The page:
Oris James Morrison Academy Of Music Limited Edition

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Oris James Morrison Academy Of Music Limited Edition Oris turns the class up to 11 with a jazz-influenced model from its Artelier collection by Ben HodgesFebruary 13, 2020 MIN READOris James Morrison Academy Of Music Limited Edition

We previously announced the Oris Artelier James Morrison Academy of Music on Fratello here. And now we have the chance to test drive it on the wrist. The Acadamy of Music slots into the existing jazz collection, but this time, it is inspired by a living trumpeting legend, James Morrison.

After the announcement, and the excellent article by my fellow Fratello, Andreas, on the Art Blakey, I just had to get my hands on this piece. I applaud Andreas for combining the Oris Art Blakey review with his passion for percussion. I’m a guitarist, and although I’ve chosen a piece intended for a trumpet player, James Morrison regards himself as a multi-instrumentalist. I’m hoping that covers the electric guitar too.

Typically, I tend to remove my watches when I bring out the “ax”.

Wearing the piece while jamming away was a bit of a revelation. Typically, I tend to remove my watches when I bring out the “ax”. On the left hand, a timepiece can throw me off balance as I’m laying down a fresh riff. And I’m an advocate for wearing wristwatches all day, every day. It’s not so much the crown that can be uncomfortable but more so the sides of the case and bracelet that dig into the wrist.


Forming a band

But there I was, rocking out with the Oris Academy of Music on my wrist. And you know what? It was pretty comfortable. Mostly thanks to the super-soft calf leather strap. The suede-like inner lining is smooth to the touch but provides a subtle grip. So, if you’re flexing your wrist while playing an instrument, the AoM stays firmly in place without sliding up and down your arm.

The thin bezel optically increases the span of the dial. And it’s the dial that steals the show. Gradient, fumé, smoky dials — whatever you want to call them — tug at my heartstrings. In the dim light, the dial can appear inky black with a hint of blue. In the daylight, there is an explosion of color — a regal sunburst streaking from edge-to-edge. The gold-toned markers at each numeral ensure legibility is maintained while providing the kind of contrast watch designers dream of.


On The Wrist

The stainless-steel case is 38mm. This is a bit smaller than my average wrist-game (shout out to Stockton), but I’m open to trying new things. Diameters can be woefully misleading on paper. It is essential to try on a watch before passing judgment.

Elegance in steel…

I’d say this model is a genuine 38mm. Height can really affect the wearing experience, but here, this relatively low-profile watch sits as one would expect. The result? A pleasingly retro aesthetic — elegance in steel.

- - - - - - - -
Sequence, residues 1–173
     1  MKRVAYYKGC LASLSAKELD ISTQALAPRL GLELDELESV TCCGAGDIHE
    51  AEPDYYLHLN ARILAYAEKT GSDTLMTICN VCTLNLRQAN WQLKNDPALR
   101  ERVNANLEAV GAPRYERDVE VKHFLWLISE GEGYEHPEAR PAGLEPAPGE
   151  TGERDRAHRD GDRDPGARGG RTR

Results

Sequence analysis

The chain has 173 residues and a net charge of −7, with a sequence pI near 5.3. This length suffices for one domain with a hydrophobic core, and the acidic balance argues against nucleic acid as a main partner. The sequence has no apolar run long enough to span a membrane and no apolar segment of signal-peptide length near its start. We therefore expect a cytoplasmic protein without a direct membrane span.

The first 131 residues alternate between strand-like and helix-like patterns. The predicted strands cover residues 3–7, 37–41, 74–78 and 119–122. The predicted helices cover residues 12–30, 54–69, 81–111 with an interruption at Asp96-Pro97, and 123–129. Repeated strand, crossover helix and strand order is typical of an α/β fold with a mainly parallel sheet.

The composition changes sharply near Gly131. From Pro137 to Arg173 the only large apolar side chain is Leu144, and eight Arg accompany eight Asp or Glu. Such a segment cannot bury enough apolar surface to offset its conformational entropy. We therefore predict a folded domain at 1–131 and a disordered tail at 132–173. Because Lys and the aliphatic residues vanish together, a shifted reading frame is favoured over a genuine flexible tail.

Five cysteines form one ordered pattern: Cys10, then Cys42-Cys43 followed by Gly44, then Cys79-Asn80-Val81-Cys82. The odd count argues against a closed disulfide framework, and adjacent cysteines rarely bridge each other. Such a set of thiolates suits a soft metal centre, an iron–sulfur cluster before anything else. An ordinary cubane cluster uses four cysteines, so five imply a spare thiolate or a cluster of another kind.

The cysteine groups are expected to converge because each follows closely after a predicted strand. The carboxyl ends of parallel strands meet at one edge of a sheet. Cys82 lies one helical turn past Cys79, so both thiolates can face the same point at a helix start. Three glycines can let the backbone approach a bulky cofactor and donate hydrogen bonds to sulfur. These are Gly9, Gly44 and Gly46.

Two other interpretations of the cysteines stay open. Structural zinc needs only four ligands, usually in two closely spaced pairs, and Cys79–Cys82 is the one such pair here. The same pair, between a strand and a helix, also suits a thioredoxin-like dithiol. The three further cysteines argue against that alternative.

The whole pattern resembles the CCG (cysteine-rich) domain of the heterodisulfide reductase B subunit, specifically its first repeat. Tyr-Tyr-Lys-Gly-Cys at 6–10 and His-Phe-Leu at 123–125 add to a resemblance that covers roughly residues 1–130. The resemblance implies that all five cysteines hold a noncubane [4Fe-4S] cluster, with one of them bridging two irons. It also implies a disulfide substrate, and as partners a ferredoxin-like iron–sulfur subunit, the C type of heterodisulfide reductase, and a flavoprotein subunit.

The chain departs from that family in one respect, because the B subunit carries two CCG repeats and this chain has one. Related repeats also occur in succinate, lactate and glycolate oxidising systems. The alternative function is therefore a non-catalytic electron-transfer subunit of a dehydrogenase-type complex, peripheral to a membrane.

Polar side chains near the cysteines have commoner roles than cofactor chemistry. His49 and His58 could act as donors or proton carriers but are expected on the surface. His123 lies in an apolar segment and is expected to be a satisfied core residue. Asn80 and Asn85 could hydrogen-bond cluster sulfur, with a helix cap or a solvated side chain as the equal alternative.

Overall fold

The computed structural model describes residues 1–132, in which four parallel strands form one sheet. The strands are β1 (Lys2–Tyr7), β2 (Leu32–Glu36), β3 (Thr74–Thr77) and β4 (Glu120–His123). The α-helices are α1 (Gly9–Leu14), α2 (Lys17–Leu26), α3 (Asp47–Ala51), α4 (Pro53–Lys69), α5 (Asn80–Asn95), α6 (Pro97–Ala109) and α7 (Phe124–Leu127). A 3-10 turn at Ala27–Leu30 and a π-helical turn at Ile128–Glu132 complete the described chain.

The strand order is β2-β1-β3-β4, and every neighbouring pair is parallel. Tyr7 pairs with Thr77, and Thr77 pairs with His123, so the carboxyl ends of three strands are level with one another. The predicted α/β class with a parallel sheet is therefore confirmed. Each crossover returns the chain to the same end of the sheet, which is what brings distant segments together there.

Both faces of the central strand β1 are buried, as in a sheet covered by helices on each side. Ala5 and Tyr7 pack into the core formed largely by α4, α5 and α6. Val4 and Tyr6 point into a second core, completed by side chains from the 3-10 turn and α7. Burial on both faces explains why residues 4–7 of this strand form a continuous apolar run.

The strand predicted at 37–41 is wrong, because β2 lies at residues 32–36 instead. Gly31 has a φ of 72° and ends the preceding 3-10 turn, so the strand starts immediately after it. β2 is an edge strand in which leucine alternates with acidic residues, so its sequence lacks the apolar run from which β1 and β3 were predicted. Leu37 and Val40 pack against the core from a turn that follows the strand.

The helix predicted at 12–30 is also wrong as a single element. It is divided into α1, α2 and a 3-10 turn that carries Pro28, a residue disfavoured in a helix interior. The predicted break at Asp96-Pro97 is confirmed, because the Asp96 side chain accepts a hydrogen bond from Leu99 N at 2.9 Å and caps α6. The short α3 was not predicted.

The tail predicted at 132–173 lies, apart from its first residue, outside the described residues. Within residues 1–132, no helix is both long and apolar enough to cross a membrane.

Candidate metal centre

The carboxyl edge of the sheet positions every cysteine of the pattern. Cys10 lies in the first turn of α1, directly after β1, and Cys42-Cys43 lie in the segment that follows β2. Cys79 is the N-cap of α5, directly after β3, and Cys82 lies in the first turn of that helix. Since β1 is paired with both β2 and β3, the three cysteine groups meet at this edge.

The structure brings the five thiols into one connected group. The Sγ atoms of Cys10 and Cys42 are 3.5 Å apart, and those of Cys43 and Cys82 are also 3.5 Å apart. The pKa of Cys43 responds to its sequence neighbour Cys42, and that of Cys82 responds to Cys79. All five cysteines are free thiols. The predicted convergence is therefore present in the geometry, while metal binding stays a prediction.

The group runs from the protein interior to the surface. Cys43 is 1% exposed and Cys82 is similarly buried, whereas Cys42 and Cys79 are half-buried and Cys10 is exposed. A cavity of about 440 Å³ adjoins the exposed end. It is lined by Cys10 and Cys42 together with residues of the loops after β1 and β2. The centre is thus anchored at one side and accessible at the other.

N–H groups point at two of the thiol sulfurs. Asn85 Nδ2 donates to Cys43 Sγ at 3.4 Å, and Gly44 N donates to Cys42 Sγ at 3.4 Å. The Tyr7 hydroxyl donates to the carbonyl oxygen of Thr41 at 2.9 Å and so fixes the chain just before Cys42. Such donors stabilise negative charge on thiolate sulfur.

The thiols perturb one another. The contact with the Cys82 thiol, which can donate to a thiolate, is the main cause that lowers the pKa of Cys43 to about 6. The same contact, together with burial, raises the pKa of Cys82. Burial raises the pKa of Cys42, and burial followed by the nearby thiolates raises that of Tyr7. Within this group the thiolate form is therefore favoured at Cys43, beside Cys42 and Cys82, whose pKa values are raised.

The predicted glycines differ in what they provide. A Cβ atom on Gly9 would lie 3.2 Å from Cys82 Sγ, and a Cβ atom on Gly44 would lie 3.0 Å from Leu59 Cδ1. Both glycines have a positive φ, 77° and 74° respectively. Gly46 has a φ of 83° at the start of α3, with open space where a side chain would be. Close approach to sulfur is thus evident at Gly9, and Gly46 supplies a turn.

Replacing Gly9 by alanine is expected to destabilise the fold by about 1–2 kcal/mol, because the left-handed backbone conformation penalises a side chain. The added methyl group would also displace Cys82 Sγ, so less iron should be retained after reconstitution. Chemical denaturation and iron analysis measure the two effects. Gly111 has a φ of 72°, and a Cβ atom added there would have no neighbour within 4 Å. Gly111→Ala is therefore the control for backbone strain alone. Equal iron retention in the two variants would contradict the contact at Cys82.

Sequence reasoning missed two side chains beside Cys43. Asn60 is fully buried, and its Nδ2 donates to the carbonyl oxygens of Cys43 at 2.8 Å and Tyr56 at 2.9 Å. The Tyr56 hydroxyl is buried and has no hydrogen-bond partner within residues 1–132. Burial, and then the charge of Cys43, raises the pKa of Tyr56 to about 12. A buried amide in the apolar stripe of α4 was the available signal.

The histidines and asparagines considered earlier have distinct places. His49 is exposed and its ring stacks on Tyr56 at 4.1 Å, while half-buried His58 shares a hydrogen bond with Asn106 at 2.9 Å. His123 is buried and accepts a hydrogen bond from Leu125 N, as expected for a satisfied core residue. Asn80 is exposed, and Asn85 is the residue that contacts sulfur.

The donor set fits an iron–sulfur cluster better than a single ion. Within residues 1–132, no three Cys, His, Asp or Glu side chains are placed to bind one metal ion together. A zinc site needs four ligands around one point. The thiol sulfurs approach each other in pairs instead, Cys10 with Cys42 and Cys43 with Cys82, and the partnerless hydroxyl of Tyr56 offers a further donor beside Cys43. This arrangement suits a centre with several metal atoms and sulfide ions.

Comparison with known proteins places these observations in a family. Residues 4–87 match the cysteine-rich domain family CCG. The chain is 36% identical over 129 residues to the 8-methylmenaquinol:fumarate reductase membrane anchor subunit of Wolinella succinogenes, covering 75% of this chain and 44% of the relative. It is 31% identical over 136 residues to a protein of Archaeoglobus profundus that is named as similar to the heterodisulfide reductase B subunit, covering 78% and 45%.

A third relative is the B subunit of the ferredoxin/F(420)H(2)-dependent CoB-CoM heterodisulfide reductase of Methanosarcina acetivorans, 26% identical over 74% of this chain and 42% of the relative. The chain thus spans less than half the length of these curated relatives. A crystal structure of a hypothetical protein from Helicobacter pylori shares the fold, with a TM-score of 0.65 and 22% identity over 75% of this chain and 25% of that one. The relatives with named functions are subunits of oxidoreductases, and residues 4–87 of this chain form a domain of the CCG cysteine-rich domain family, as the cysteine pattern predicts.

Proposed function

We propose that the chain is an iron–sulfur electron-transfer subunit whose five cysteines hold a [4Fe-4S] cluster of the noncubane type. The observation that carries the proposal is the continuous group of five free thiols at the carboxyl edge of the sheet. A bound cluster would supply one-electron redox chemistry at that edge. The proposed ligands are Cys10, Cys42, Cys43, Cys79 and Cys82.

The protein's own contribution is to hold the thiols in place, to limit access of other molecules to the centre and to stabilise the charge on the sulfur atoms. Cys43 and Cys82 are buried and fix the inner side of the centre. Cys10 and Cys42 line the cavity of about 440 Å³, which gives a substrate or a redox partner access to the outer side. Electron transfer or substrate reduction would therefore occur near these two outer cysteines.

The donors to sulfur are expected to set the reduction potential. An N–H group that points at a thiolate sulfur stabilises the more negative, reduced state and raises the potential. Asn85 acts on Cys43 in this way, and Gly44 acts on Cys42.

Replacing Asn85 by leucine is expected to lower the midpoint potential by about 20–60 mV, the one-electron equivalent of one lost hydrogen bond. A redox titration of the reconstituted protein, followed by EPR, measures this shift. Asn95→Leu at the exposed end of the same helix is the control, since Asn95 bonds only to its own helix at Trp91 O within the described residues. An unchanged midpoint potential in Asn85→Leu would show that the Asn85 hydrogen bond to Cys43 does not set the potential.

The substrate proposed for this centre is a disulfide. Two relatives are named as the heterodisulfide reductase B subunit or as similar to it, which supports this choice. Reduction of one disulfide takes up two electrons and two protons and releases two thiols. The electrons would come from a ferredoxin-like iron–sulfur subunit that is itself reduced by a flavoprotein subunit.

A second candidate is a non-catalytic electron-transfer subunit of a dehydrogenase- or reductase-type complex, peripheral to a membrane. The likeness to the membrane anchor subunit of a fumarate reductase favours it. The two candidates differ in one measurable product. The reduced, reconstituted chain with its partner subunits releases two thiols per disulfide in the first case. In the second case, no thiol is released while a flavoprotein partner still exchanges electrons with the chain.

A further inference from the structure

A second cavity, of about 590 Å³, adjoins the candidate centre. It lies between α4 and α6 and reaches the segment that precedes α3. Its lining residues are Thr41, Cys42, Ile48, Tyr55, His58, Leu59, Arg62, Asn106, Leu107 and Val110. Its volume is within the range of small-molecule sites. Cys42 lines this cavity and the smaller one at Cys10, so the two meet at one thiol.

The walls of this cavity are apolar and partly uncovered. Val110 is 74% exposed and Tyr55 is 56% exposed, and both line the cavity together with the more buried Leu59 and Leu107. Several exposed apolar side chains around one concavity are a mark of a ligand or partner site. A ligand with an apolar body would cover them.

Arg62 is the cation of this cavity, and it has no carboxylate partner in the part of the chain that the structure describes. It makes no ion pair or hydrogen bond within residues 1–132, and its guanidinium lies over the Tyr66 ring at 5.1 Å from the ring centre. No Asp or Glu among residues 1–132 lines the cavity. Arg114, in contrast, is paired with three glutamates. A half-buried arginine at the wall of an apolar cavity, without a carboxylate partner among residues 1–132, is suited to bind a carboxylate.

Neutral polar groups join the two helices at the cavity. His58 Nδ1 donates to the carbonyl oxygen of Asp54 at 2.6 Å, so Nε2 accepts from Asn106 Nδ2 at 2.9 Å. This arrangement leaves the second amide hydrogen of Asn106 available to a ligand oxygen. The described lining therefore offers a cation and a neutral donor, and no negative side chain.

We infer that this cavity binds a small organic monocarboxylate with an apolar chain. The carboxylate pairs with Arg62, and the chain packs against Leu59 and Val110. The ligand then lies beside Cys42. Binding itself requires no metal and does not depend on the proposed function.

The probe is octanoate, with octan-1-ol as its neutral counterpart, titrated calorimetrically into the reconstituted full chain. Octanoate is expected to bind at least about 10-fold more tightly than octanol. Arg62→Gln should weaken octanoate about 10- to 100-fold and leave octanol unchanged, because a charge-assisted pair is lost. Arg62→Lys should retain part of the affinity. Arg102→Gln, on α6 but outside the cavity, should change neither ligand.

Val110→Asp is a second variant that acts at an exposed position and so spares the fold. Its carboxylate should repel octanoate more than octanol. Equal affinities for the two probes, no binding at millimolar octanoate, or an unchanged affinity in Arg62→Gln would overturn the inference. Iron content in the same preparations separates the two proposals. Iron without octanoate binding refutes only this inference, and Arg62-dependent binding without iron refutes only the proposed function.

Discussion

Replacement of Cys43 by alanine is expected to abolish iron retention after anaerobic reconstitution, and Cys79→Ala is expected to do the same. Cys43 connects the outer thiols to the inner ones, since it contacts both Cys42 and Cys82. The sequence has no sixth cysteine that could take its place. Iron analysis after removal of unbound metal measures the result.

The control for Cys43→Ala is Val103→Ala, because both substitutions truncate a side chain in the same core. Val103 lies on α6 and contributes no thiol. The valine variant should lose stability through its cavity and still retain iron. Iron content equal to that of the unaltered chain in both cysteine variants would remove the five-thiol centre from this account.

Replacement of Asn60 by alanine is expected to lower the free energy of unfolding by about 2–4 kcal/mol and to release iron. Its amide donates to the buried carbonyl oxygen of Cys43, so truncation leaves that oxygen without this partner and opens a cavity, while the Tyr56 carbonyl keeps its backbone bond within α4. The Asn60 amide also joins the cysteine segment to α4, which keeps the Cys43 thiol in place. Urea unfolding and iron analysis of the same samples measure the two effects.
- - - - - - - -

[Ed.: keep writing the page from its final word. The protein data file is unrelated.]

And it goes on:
Furthermore, it is not unheard of for manufacturers to choose relatively arbitrary points from which to measure the diameter. These points can be chosen to either artificially inflate or deflate the theoretical presence of a watch on the wrist. Some brands prefer to present their watches as smaller than they are so as to not alienate their followers; others go the other way in the hope of attracting a new audience that might have dismissed them in the past for the diminutive numbers in the catalog. For example, Patek Philippe excludes the ears of the Nautilus on the spec sheet. Yet the feel on the wrist is much larger in reality than the 40mm diameter indicates.

But somehow, the sizing of the James Morrison felt on point. Any larger and the effect of the blue gradient dial could’ve lost its luster.


Sellita-based automatics

I’ve had experience with the Sellita-based automatics that power the majority of the Oris collection, and I’ve always been impressed by their level of accuracy. However, the low power reserve of 38 hours is where there is room for improvement. Especially in comparison with the impressive ten days generated by a single barrel in their in-house offerings. The case-back has the symbol for the Academy of Music in Australia, which James Morrison founded. Limited to 1,234 pieces, the Oris Artelier James Morrison Academy of Music retails for €1,900. You can read more about the watch here.

Oris-Academy-of-Music-Jazz-Guitar Oris-Academy-of-Music-Jamming Oris-Academy-of-Music-Watch Oris-Academy-of-Music-Watch Oris-Academy-of-Music-Watch

Watch specifications

Brand Oris ModelJames Morrison AoM Limited EditionReference01 733 7762 4085-SetDialBlue gradientCase MaterialStainless steelCase Dimensions38mmCrystalSapphireCase BackSolid with engravingMovementOris 733, base Sellita SW200-1Water Resistance30 metresStrapBlack leather strap with soft inner liningFunctionsTime onlyPrice€1,900Special Note(s)Limited to 1,234 pieces Watch of the Week

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About the author

Ben Hodges

Ben has been working in central London for 7 years. In that time, Ben has developed an interest in watches after being gifted his father’s Breitling at 25. He explores the weird and wonderful in horology at all price ranges,… read more

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